The original fireplaces and chimneys for the house were of the mud variety. They were built from available rocks, chinked and covered with mud. The family replaced the mud fireplaces with the brick fireplaces around 1920. The remaining fireplace is now in the “front” room. The room is large and doubled as a bedroom.

Old living room with large brick fire place.

The family replaced the original mud fireplace with this brick one around 1920. This is the "front" room, a living room in modern parlance. It doubled as a bedroom.

We are grateful to Sonny and Betty Byrd for their good work in preserving this fine historic home. What they are doing is purely voluntary. They do what they do with the old home because they believe it is the right thing to do.

Some will say this is a study of a simpler time. I’m betting the folks who lived then did not see running outside to do their business, draw their water, feed livestock and defend them from wild critters, cut trees, chop wood, kill your own meat, build a fire in a kitchen stove, wash dishes in a pan, wash clothes in a tub and keep a wary eye out for bad guys as a simple life. It does not sound simple to me. It sounds busy. But then everything is relative.

See a detailed history of the old home and family by Sonny Hobart at Samuel D. Byrd Historic Home.  To set up a visit, send an email.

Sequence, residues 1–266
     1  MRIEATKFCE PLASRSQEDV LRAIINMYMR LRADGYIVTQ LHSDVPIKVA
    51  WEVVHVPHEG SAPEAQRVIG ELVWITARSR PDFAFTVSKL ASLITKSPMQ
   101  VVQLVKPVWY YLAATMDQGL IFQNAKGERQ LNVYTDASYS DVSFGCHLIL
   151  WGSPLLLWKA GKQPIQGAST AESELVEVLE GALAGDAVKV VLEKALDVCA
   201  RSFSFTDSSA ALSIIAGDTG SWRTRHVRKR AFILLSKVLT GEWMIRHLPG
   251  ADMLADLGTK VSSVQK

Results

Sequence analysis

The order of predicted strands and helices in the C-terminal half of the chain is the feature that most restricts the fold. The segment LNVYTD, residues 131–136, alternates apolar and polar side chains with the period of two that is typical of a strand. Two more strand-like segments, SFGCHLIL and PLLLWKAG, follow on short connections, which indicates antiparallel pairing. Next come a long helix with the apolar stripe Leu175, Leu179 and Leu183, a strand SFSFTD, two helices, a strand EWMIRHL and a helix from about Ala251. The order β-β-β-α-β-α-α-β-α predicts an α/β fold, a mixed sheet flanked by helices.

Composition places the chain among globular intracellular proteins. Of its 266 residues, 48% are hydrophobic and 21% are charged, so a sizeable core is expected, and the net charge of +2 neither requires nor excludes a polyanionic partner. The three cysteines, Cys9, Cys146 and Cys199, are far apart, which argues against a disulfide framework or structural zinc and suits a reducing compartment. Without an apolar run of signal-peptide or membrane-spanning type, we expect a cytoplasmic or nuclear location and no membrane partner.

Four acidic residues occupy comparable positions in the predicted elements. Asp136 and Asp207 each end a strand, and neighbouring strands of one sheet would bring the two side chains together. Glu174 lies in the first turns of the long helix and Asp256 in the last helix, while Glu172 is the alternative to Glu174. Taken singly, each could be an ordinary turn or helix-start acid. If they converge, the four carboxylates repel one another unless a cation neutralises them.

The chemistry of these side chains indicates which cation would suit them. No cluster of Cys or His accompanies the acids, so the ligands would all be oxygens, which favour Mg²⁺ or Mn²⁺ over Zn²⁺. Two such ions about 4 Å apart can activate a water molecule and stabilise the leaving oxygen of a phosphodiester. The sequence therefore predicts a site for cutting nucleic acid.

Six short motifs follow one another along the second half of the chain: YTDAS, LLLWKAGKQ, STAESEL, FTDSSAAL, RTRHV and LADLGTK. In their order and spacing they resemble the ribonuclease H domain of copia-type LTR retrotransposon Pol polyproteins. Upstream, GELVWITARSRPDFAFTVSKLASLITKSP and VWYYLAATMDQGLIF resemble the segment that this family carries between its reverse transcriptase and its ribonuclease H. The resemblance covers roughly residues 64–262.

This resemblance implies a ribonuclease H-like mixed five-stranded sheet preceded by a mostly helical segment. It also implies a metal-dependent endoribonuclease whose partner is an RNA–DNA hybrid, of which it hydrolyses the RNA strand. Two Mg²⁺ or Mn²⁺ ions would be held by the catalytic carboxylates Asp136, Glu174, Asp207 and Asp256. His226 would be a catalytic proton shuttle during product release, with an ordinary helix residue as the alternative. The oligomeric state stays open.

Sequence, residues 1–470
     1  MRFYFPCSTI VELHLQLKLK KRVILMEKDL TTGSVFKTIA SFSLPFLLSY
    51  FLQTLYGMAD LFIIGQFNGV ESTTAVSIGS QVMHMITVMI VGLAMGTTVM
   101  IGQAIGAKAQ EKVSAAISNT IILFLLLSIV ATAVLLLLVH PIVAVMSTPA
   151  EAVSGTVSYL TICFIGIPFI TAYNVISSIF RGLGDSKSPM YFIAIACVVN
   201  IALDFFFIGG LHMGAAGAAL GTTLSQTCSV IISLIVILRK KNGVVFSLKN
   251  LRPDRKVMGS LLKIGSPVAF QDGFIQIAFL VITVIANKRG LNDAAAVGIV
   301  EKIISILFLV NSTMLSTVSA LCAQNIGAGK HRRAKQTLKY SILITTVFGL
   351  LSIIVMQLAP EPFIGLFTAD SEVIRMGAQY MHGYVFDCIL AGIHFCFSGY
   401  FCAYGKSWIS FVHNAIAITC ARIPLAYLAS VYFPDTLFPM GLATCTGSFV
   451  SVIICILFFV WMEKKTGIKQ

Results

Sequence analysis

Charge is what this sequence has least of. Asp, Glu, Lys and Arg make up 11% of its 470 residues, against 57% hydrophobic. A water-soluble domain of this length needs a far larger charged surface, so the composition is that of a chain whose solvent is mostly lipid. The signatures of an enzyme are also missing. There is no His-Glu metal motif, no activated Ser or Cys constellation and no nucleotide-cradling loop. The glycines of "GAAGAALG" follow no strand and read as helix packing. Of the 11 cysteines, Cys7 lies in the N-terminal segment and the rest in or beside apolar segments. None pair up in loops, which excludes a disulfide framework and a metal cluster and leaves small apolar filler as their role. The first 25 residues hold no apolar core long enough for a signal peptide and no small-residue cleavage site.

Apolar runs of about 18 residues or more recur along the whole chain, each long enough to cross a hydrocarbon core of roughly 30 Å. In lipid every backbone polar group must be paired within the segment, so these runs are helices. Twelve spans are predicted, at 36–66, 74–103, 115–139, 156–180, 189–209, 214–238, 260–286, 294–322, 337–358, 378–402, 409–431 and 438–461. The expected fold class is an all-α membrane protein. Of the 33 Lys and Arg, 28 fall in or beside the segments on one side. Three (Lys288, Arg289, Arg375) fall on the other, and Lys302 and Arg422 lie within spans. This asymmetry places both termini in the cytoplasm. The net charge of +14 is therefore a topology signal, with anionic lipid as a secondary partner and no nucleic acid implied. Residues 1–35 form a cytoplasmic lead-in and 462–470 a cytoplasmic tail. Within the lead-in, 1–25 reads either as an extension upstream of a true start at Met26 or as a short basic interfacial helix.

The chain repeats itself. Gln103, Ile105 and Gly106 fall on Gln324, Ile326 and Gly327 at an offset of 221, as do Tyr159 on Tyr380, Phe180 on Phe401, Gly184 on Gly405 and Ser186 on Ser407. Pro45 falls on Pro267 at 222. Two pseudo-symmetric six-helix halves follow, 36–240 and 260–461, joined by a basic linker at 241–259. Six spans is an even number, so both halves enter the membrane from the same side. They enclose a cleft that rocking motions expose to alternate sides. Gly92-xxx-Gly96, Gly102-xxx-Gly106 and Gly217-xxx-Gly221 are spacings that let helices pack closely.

old dog trot house

Click on the house for more pictures

SEE MORE PICTURES of the historic house in our Weekly Grist Gallery.

See more exterior and exterior pictures of the historic Samuel D. Byrd house in our Weekly Grist Gallery.

There are 18 pictures including larger versions of the pictures you see here and on the Corndancer page. See bedrooms, another kitchen shot and more. Click and go.  Guaranteed all-natural, low-cholesterol, g-rated, non-fattening content. Full refund if not fully satisfied.

Thanks for dropping by,

Joe Dempsey,
Weekly Grist for the Eyes and Mind

http://www.joedempseycommunications.com/
http://www.joedempseyphoto.com/
http://www.corndancer.com/joephoto/photohome.html

Christmas at Margland


Margland Bed and Breakfast

Margland Bed and Breakfast is decked out in its Christmas finest. The structure was finished originally in 1903. Ed Thompson and Wanda Bateman restored it in 1985 and started the bed and breakfast. The bed and breakfast now includes four additional similar structures all in the same block on West Second Avenue in Pine Bluff, Arkansas.

Doing things “half-way,” is not an option for Wanda Bateman and Ed Thompson, owners and operators of Margland Bed and Breakfast Inns of Pine Bluff, Arkansas. They started their enterprise in 1985 when they restored the old home above. Now they own the whole block and have converted four additional Victorian era structures to house bed and breakfast guests.

Margland fireplace

Click on the fireplace for more pictures